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  3. I listen to Vinyl to experience the Music….not to impress my friends with limited quantity releases.

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    • In which case I would guess you would prefer to see more releases that feature new music or previously unreleased material, and you would prefer to see fewer artificially small runs of “limited” pressings. I think there are many people who would agree with you on that.

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  4. just a load of shit for nerds..i spent 4000 on vinyl last year there’s no way i could support this vinyl flippn day out

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  5. It’s a tough one this, I’ve heard shops say that RSD can account for 25% of their yearly takings. I have once done the stupid o’clock queue wait and never again. last two years I’ve ambled in after lunch to check out what’s left and got everything that was on my want list. though this year I did grab the one re-release that I have the original off, a moment of weakness. I also would prefer to see less of the reissues but new music definitely. or items never on vinyl before would be nice to see. but I hate the prices, I paid £9 for a 7″ and £17 for a 12″ single this year, which hurts. It would be nice if the flipping didn’t happen, but I can’t see a way to control it sadly. when you see items online within the hour for 2 or 3 times the price on the day it’s very disappointing to see that these people are just there to rip people off. but, the flipside is if you cant get to a RSD store at least the items become available, then it’s your choice to buy. I’m conflicted over the whole RSD thing, but still pick a few releases up each year it seems.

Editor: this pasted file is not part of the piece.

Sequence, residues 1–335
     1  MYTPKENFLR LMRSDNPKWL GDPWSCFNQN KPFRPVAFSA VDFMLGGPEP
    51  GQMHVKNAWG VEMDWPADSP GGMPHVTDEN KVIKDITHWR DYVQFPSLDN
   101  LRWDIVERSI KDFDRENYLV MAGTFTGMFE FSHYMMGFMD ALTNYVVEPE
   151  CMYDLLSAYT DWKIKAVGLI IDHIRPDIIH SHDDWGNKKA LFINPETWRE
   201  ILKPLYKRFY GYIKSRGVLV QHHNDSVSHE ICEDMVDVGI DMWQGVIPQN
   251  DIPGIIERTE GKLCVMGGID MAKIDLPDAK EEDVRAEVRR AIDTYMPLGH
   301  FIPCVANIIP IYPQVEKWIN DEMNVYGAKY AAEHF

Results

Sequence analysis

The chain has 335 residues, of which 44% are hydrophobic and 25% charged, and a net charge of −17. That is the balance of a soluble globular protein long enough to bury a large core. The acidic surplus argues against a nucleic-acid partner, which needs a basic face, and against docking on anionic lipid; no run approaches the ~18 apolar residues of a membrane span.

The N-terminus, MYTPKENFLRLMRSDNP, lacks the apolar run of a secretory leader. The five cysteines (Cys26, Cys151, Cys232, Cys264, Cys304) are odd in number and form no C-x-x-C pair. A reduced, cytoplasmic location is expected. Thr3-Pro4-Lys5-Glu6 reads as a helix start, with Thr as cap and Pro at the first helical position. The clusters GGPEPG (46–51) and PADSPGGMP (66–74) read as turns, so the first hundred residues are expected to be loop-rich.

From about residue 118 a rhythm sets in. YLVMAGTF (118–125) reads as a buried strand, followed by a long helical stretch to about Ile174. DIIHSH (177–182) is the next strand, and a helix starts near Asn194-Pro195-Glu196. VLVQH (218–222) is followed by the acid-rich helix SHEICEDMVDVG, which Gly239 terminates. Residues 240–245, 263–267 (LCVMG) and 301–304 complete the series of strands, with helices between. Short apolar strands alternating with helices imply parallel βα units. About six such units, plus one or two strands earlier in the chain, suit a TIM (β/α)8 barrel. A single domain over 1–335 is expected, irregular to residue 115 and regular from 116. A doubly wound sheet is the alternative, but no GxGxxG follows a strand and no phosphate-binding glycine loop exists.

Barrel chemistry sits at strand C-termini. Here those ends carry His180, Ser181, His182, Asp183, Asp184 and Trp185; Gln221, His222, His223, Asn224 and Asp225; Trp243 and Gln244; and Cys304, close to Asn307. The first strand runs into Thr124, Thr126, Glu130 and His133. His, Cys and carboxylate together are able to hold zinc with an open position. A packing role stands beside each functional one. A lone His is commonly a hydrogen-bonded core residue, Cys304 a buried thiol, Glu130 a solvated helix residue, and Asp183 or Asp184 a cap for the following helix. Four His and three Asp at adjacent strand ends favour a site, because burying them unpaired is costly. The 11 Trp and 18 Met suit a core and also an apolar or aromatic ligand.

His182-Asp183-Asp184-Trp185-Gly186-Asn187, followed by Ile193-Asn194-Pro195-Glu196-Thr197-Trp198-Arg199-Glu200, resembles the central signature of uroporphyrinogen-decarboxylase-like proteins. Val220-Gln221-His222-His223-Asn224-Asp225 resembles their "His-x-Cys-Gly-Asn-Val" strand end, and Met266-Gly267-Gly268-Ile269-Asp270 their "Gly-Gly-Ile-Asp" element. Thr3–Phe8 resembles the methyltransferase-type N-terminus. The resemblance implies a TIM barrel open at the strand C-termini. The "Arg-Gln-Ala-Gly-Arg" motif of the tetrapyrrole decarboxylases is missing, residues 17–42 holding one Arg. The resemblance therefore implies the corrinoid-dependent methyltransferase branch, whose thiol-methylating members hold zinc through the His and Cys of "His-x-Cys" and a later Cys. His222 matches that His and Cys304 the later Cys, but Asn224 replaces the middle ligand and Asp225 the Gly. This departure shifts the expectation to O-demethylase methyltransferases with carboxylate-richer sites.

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  6. I went to record store day here in Melbourne years ago. They had a guitarist in the corner but he was just in the way. People were packed in like sardines. I didn’t go with a plan… didn’t know what i wanted or if i wanted anything. It was 95% blokes. Looking over your shoulder breathing heavy. The owner was a twat who just moaned about how hard it is for him to make a living.
    Is record store day a good thing? Yes. Will i ever go again? Probably. It got me out of the house.

    Liked by 1 person

  7. The guy who runs the record shop in Camden is very critical of the whole thing. Says it started out as a great idea, and now is turning into a bit of a money making scam for the organisers.